Cochin Cardiac Club

Health Blog by Dr.Uday Nair



Heart disease, like so many other diseases, is known to run in families. A link between your genes and heart disease may predispose you to heart disease and also put you at a higher risk for heart attacks.

Genetic heart disease refers to diseases or conditions that manifest in adulthood that are related to family links or family history

A heart attack, also known as a myocardial infarction, occurs when a blockage to the coronary artery interrupts the blood supply to the heart. A significant number of heart attacks are related to heart disease. However, unlike other diseases that run in families, such as sickle cell anemia and cystic fibrosis, there is not one single gene or one single cause of heart attacks or heart disease.


The Genetic Link

Individuals can become more prone to develop heart disease based on their family history. There are two ways that genetics are a factor. One way is the passing on of genes at birth that cause heart disease, or conditions that increase the risk of heart disease. The other way is through the family environment where one is raised


Genetic Factors

  • Children of diabetic parents are likely to become diabetics themselves. Children of overweight parents are likely to be overweight.
  • Children of parents with high cholesterol are likely to have high cholesterol as adults. All of these conditions that cause heart disease in adulthood can be affected by the passing on of specific genes or the passing on of poor eating habits. For instance, an individual who is overweight due to eating improperly is more prone to be diabetic, have high cholesterol, and develop heart disease.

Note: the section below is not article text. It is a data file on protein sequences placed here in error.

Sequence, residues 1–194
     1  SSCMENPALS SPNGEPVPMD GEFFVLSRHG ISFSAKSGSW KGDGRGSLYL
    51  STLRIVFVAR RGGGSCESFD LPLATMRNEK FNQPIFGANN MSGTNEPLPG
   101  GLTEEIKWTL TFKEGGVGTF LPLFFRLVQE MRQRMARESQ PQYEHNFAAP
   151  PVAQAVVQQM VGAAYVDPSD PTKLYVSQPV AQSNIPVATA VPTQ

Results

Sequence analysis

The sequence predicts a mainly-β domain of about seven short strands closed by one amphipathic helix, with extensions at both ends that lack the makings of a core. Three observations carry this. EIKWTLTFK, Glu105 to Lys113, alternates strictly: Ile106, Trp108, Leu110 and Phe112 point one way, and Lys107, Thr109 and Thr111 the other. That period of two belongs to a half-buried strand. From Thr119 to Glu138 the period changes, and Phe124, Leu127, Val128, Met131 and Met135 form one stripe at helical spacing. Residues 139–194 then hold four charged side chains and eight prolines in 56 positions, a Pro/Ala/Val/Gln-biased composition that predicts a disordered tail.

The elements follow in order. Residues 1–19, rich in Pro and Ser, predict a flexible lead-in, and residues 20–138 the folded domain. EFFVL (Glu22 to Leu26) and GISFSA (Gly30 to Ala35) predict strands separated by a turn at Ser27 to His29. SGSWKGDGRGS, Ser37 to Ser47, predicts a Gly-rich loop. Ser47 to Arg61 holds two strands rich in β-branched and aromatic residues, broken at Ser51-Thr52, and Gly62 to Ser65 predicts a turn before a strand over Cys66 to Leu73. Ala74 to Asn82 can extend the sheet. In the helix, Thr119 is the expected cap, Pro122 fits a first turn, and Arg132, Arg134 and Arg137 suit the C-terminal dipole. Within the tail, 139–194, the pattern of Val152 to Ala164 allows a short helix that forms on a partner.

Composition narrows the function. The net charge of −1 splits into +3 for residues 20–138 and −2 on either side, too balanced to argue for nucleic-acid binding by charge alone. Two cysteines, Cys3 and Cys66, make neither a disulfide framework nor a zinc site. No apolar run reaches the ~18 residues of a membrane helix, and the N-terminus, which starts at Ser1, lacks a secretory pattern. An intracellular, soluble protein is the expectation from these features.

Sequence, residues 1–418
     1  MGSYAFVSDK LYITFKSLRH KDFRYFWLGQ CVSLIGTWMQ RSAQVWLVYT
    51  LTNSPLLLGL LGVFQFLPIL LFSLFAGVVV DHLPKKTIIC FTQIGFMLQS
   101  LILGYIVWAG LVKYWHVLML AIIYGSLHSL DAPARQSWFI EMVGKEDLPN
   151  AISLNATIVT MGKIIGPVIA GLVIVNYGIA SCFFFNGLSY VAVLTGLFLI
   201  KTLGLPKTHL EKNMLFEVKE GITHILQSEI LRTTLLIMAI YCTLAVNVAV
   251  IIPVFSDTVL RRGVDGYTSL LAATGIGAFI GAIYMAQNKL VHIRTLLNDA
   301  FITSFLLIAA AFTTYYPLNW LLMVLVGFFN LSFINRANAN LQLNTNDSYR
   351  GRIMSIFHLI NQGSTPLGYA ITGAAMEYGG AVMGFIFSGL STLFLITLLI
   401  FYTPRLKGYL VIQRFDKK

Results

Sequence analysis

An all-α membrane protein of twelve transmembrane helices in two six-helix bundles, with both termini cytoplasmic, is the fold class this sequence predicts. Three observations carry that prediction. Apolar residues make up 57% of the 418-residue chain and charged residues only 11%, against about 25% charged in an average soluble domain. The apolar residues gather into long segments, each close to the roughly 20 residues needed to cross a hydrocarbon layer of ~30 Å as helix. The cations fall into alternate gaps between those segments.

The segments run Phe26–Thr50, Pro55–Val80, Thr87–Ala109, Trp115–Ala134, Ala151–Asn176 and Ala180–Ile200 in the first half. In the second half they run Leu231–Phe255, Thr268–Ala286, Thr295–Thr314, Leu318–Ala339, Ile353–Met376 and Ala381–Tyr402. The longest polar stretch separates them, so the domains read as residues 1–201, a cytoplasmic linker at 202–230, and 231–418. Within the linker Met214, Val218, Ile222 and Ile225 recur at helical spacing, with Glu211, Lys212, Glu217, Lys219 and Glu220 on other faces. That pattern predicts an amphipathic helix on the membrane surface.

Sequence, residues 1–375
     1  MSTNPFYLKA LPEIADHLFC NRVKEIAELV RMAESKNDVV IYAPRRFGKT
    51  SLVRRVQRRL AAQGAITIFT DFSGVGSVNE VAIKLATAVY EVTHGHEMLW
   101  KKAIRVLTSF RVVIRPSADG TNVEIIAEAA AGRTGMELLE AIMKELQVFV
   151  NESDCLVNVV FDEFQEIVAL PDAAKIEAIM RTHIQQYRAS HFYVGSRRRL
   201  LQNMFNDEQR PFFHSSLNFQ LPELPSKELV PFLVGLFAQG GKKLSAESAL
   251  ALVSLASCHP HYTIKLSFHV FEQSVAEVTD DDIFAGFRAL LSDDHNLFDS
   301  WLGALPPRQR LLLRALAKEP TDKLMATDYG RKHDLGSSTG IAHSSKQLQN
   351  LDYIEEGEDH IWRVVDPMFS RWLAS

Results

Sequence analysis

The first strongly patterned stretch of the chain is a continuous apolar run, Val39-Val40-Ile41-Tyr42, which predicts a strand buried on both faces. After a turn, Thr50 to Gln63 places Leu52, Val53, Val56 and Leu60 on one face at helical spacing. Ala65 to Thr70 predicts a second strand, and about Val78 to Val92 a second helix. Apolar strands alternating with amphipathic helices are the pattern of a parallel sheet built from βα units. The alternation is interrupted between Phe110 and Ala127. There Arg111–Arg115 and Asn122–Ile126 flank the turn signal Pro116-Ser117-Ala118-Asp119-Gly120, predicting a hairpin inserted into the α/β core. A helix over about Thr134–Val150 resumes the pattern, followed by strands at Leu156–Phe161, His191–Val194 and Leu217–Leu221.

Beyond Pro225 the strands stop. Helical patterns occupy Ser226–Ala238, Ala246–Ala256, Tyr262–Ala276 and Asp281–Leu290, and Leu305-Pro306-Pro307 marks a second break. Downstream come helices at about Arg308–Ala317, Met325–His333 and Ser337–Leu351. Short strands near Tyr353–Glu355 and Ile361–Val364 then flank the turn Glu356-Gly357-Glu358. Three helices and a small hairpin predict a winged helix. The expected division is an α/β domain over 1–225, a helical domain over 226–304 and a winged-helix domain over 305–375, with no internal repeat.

• However, there are some factors for heart disease that are strictly related to the environment one is raised in. For example, if parents were poor exercisers, their children will likely not exercise enough. Children of smokers are likely to smoke. Even if they decide not to smoke, years of exposure to second hand smoke can make children more at risk for heart disease as an adult.


Risk Factors for Genetics and Heart Disease

In India,America and  many  countries, heart disease is the leading cause of death. There are many factors that can contribute to both heart disease and heart attacks, including family history. Diet and other lifestyle factors (such as smoking) are also significant factors that affect the development of heart disease.

If you are genetically predisposed to heart disease, your doctor may help you develop an exercise plan, refer you to a nutritionist, or take prescription medication. Doctors concerned about heart disease and heart attacks usually stress eliminating risk early.

Family history increases risk when someone else in the family has suffered from heart disease or passed away due to some type of heart disease.
 Statistics show that men suffer from heart disease as much as ten years earlier than women. If an individual's brother, father, or grandfather has suffered from heart disease before the age of 55, he is twice as likely to develop heart disease. If an individual's sister, mother, or grandmother suffered from heart disease before the age of 65, she is also twice as likely to develop heart disease. In addition, these individuals are also much more prone to having another risk factor that also makes them prone to heart disease.